Autoimmune Liver Disease
Autoimmune Hepatitis (AIH)

Autoimmune Hepatitis

Autoimmune hepatitis is a condition in which the immune system develops antibodies and activates immune cells which attack the liver, causing an inflammatory process that result in liver cell injury and fibrosis. 

If left untreated, autoimmune hepatitis (AIH) may lead to cirrhosis and ultimately liver failure. When diagnosed and treated early, autoimmune hepatitis can be managed with immunosuppressant medications.

Causes of Autoimmune Hepatitis 

Autoimmune hepatitis is caused by a combination of autoimmunity, environmental, and genetic factors.

There are at least two types of autoimmune hepatitis:

  • Type 1, or classic autoimmune hepatitis, the most common type, may develop at any age. Many patients are found to also have another autoimmune disorder such as celiac disease, rheumatoid arthritis, or Crohn’s disease, thyroiditis or type I diabetes mellitus. 
  • Type 2 autoimmune hepatitis, mostly affects young girls.

Symptoms of Autoimmune Hepatitis

Symptoms may range from mild to severe, and these may develop rapidly or gradually.

  • Fatigue
  • Abdominal pain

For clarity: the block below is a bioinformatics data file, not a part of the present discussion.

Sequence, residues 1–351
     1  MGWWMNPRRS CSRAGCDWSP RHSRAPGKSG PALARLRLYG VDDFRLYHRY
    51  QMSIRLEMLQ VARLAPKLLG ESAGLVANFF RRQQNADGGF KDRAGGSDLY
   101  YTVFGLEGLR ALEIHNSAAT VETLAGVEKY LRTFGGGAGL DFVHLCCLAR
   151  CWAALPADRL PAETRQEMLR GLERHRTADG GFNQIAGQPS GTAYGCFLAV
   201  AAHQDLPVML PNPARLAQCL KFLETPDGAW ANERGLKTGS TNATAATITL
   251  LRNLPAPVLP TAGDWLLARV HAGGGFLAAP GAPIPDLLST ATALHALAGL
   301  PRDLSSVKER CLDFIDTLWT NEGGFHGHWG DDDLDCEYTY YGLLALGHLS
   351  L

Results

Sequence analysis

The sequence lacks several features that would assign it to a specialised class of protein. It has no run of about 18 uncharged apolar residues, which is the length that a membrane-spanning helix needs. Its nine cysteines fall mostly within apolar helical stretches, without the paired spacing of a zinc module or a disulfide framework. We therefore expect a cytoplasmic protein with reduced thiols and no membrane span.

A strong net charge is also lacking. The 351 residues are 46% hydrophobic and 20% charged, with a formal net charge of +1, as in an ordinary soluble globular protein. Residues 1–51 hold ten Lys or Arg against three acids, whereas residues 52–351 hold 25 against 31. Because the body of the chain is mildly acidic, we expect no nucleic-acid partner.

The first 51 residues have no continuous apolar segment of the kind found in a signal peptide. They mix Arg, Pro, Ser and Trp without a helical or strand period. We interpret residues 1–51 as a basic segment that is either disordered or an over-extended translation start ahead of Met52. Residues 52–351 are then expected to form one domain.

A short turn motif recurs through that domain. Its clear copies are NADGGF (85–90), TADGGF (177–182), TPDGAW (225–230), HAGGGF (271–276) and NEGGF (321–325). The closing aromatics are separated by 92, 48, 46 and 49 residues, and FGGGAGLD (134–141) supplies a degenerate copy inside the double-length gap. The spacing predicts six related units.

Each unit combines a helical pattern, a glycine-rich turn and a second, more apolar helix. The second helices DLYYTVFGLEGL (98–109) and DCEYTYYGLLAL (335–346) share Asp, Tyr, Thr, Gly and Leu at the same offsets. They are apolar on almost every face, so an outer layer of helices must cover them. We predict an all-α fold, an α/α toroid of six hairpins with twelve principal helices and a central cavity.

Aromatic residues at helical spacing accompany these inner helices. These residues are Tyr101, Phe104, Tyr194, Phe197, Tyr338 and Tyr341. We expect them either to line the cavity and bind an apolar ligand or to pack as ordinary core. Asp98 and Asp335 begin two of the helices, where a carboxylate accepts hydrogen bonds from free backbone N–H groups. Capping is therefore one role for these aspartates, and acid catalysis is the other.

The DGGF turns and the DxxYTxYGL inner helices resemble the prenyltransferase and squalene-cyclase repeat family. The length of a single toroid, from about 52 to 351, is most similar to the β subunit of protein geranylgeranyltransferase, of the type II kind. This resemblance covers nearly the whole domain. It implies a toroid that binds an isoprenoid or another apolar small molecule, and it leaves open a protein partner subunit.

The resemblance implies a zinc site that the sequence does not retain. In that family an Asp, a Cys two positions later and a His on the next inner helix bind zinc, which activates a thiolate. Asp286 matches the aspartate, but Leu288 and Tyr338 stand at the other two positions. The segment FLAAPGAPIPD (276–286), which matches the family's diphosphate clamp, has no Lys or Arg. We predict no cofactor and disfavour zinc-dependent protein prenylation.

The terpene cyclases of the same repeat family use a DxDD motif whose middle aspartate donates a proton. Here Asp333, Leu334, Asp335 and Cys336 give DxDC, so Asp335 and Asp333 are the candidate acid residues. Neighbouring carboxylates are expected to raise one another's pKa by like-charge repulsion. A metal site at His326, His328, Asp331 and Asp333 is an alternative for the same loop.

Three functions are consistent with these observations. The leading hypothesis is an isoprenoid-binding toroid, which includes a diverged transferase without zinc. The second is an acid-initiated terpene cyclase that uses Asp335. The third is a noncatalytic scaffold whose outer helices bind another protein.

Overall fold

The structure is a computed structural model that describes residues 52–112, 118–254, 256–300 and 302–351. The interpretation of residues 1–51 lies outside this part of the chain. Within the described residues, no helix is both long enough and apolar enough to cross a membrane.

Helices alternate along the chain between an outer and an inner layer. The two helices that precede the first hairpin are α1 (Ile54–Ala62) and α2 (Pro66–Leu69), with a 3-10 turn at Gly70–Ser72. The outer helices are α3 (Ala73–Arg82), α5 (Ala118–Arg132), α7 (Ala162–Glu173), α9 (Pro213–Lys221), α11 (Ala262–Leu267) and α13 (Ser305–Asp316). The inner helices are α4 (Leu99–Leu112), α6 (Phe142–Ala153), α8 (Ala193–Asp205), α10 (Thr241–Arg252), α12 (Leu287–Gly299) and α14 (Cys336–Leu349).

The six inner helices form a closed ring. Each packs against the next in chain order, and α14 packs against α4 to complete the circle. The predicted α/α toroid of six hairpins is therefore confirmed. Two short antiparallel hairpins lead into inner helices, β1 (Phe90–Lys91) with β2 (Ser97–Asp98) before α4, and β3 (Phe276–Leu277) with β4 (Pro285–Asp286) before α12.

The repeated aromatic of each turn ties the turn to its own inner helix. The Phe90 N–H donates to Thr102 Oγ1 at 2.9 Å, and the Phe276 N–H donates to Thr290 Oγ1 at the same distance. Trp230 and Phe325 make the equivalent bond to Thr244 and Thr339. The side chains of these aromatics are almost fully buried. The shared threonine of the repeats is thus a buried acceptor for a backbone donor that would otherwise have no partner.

• Joint pain
  • Itching (pruritus)
  • Jaundice
  • Enlarged liver
  • Abnormal blood vessels on the skin (spider angiomas)
  • Nausea and vomiting
  • Loss of appetite
  • Skin rashes
  • Dark-colored urine, light colored stools


If diagnosed early, medication to suppress the immune system may be successful; options include corticosteroids and immunosuppressants. 

If autoimmune hepatitis continues to progress to cirrhosis and end-stage liver failure, a liver transplant  may be required.

This video describes our current understanding of the genetic basis and pathophysiology of autoimmune hepatitis, as well as important symptoms and laboratory results for patients, and finally the difference between type 1 and type 2.

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